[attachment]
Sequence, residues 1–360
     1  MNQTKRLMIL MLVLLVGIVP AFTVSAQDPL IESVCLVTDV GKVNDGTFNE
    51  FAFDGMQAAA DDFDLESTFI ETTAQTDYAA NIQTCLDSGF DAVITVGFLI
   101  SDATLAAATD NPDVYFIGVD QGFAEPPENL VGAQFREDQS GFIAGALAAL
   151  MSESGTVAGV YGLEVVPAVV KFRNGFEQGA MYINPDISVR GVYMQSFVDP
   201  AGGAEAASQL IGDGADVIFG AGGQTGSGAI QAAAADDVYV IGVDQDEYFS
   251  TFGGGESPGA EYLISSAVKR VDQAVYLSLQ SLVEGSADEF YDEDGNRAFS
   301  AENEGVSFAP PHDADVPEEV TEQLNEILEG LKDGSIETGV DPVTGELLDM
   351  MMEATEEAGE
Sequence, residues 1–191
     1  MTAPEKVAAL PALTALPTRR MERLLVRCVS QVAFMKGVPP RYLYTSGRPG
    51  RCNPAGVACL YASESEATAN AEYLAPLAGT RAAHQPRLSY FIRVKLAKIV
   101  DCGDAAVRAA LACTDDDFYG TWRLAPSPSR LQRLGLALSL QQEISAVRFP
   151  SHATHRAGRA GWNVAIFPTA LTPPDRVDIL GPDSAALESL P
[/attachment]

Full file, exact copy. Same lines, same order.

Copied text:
Sequence, residues 1–360
     1  MNQTKRLMIL MLVLLVGIVP AFTVSAQDPL IESVCLVTDV GKVNDGTFNE
    51  FAFDGMQAAA DDFDLESTFI ETTAQTDYAA NIQTCLDSGF DAVITVGFLI
   101  SDATLAAATD NPDVYFIGVD QGFAEPPENL VGAQFREDQS GFIAGALAAL
   151  MSESGTVAGV YGLEVVPAVV KFRNGFEQGA MYINPDISVR GVYMQSFVDP
   201  AGGAEAASQL IGDGADVIFG AGGQTGSGAI QAAAADDVYV IGVDQDEYFS
   251  TFGGGESPGA EYLISSAVKR VDQAVYLSLQ SLVEGSADEF YDEDGNRAFS
   301  AENEGVSFAP PHDADVPEEV TEQLNEILEG LKDGSIETGV DPVTGELLDM
   351  MMEATEEAGE
Sequence, residues 1–191
     1  MTAPEKVAAL PALTALPTRR MERLLVRCVS QVAFMKGVPP RYLYTSGRPG
    51  RCNPAGVACL YASESEATAN AEYLAPLAGT RAAHQPRLSY FIRVKLAKIV
   101  DCGDAAVRAA LACTDDDFYG TWRLAPSPSR LQRLGLALSL QQEISAVRFP
   151  SHATHRAGRA GWNVAIFPTA LTPPDRVDIL GPDSAALESL P